Gothic Art and Architecture, c. 1100-1350 - MEMS8031

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Module delivery information

Location Term Level1 Credits (ECTS)2 Current Convenor3 2023 to 2024
Spring Term 7 30 (15) Emily Guerry checkmark-circle


This module explores the dynamic relationship between the cult of relics and Gothic art. It will begin by retracing the aesthetics of devotion across Western Christendom, culminating in the creation of towering Gothic cathedrals. Throughout history, the design of cult images could reveal sacred presence, testify to miracle-working powers, and explicate the significance of a holy place using visual narratives. Through pilgrimage, gift-giving, and even theft, people acquired relics and 'invented' new cults. The success of a relic cult would benefit from the design of a magnificent reliquary, the depiction of pictorial programmes (in glass, sculpture, and painting), and the placement of the relic within a spectacular architectural setting. Together we will explore the development of Gothic art in light of changing devotional needs. Using a number of diverse case studies, students will acquire a wealth of historical information and develop a variety of intellectual approaches to function and significance of visual culture. Beginning with Paris and its surrounding cathedrals, we will extend our analysis to Gothic Canterbury, London, Castile, Prague, Siena, and Florence. Above all, this course will encourage students to think critically about the influence of art in the religious imagination.


Contact hours

Total contact hours: 20
Private study hours: 280
Total study hours: 300

Method of assessment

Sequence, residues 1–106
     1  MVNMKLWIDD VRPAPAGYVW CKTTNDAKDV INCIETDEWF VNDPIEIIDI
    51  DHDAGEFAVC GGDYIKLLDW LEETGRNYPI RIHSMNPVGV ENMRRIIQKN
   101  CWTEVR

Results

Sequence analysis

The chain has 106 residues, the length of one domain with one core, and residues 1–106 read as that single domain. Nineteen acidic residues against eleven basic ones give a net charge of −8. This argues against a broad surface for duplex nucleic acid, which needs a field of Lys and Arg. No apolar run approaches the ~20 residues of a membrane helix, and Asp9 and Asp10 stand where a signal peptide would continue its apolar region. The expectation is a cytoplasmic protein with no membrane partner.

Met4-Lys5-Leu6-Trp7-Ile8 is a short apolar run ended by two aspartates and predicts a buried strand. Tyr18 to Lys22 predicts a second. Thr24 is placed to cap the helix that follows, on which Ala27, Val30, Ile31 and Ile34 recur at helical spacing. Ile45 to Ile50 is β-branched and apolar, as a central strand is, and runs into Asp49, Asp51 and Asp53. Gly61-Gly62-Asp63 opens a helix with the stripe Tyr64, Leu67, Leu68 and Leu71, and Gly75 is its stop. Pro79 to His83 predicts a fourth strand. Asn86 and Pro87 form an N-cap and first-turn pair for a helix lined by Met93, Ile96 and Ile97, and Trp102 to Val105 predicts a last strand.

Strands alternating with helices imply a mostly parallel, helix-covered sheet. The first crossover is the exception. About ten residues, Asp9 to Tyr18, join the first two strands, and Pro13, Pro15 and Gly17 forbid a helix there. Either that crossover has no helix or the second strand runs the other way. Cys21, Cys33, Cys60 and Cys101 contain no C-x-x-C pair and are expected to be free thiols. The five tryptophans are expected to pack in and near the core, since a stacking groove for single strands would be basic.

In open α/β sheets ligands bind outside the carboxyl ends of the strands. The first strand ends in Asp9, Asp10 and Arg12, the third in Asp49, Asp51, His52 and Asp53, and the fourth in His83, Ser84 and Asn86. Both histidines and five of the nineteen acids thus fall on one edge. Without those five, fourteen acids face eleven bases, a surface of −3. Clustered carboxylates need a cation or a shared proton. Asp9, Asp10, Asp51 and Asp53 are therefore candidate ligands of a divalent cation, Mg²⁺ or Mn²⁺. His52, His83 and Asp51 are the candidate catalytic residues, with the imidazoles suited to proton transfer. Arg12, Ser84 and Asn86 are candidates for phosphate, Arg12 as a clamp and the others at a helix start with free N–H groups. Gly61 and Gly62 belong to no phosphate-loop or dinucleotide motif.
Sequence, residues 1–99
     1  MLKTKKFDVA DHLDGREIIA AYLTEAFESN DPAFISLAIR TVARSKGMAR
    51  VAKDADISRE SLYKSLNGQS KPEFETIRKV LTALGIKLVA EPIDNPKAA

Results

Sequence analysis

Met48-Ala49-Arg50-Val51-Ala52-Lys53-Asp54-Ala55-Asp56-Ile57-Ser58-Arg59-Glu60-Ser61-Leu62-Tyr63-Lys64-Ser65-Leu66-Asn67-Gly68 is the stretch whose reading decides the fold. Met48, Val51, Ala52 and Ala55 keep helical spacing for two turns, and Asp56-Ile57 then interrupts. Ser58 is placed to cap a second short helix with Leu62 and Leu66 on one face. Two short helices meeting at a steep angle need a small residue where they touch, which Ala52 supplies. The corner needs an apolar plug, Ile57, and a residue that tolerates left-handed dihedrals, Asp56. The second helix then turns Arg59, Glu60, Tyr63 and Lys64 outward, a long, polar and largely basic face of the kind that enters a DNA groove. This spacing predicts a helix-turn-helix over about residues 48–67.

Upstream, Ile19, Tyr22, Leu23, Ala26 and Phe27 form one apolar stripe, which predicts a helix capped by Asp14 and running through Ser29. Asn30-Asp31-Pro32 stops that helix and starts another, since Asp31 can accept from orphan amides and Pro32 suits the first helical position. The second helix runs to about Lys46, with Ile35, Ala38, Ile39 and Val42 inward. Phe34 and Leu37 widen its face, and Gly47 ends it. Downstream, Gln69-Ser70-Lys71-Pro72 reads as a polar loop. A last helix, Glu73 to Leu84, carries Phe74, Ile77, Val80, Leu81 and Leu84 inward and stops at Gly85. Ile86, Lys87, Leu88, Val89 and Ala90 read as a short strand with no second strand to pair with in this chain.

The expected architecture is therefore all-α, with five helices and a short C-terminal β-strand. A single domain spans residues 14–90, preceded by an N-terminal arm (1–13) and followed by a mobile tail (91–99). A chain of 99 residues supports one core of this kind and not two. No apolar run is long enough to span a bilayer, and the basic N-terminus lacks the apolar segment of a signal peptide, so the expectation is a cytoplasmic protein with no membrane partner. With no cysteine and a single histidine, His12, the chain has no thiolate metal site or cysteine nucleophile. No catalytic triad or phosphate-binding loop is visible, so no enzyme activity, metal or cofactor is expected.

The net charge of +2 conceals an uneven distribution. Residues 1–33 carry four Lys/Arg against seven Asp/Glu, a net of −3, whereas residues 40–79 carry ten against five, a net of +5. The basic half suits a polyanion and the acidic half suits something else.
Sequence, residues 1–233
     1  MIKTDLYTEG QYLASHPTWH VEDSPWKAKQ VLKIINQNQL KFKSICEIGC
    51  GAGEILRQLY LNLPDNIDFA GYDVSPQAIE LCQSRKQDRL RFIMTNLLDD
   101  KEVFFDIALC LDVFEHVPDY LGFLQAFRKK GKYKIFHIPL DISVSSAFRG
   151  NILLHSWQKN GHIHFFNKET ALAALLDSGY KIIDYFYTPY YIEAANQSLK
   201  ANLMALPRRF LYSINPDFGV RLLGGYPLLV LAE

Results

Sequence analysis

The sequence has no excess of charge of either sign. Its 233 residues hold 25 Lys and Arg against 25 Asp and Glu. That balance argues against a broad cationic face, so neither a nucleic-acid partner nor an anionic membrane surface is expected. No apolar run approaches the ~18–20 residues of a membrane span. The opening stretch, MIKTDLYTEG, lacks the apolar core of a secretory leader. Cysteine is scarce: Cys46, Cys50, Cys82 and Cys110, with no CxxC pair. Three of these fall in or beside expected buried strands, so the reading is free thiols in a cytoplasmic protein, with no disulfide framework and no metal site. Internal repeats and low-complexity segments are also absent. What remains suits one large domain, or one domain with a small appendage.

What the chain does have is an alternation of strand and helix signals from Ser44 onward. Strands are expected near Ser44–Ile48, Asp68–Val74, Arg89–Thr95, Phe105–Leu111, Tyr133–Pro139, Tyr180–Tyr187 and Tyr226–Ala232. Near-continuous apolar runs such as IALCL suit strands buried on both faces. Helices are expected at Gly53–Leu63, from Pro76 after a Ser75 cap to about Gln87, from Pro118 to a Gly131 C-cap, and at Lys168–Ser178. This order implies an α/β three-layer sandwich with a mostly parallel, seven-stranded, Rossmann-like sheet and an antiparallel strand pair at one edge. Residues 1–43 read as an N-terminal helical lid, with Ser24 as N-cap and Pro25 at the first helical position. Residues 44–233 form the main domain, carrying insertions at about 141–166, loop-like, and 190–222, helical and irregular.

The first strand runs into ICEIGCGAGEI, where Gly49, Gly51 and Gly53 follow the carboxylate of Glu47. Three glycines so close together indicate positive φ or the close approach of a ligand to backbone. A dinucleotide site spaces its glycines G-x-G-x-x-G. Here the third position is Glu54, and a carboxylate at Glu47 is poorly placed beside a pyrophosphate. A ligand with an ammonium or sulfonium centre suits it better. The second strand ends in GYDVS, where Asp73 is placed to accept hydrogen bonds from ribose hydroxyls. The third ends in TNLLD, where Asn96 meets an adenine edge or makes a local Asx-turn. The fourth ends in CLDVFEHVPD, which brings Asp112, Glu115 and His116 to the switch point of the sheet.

Main assessment methods
Essay 5000 words 100%

Reassessment methods
Reassessment Instrument: 100% coursework

Indicative reading

The University is committed to ensuring that core reading materials are in accessible electronic format in line with the Kent Inclusive Practices. The most up to date reading list for each module can be found on the university's reading list pages:

See the library reading list for this module (Canterbury)

Learning outcomes

The intended subject specific learning outcomes.
On successfully completing the module students will be able to:

1 demonstrate a systematic understanding of the visual, architectural, material, and devotional culture of Gothic art and architecture in Europe c.1100-1350
2 demonstrate a critical awareness of both traditional and current methodological and historiographical approaches to the history of art and architecture in the High Middle Ages in Europe, as well as an understanding of how these have changed in recent scholarship.
3 demonstrate a comprehensive understanding of techniques applicable to the study of medieval paintings, manuscripts, metalwork, sculpture, stained glass and architecture, as well as an appreciation of the level of analysis needed to examine these types of source material.
.4 demonstrate a strong independent ability to identify, locate and interrogate the most appropriate primary and secondary resources for the study of the Gothic imagination in
medieval Europe.
5 critically evaluate models of change and continuity over the course of the development of the Gothic style in Europe and describe how these may be combined to form an overall assessment of the period.

The intended generic learning outcomes.
On successfully completing the module students will be able to:

1 acquire advanced level skills of critical reading and analysis of a range of primary and secondary sources.
2 acquire an advanced level in the key skills of written communication, problem solving and attained responsibility for their own learning.
3 acquire an advanced level in the key skills of oral communication and working with others in a group, as well as gaining programme outcomes.
4 develop their use of relevant learning and reference resources (including visual resources).
5 improve their ability to write coherent, informed and logical arguments in a well-organised and well-presented essay.


  1. Credit level 7. Undergraduate or postgraduate masters level module.
  2. ECTS credits are recognised throughout the EU and allow you to transfer credit easily from one university to another.
  3. The named convenor is the convenor for the current academic session.
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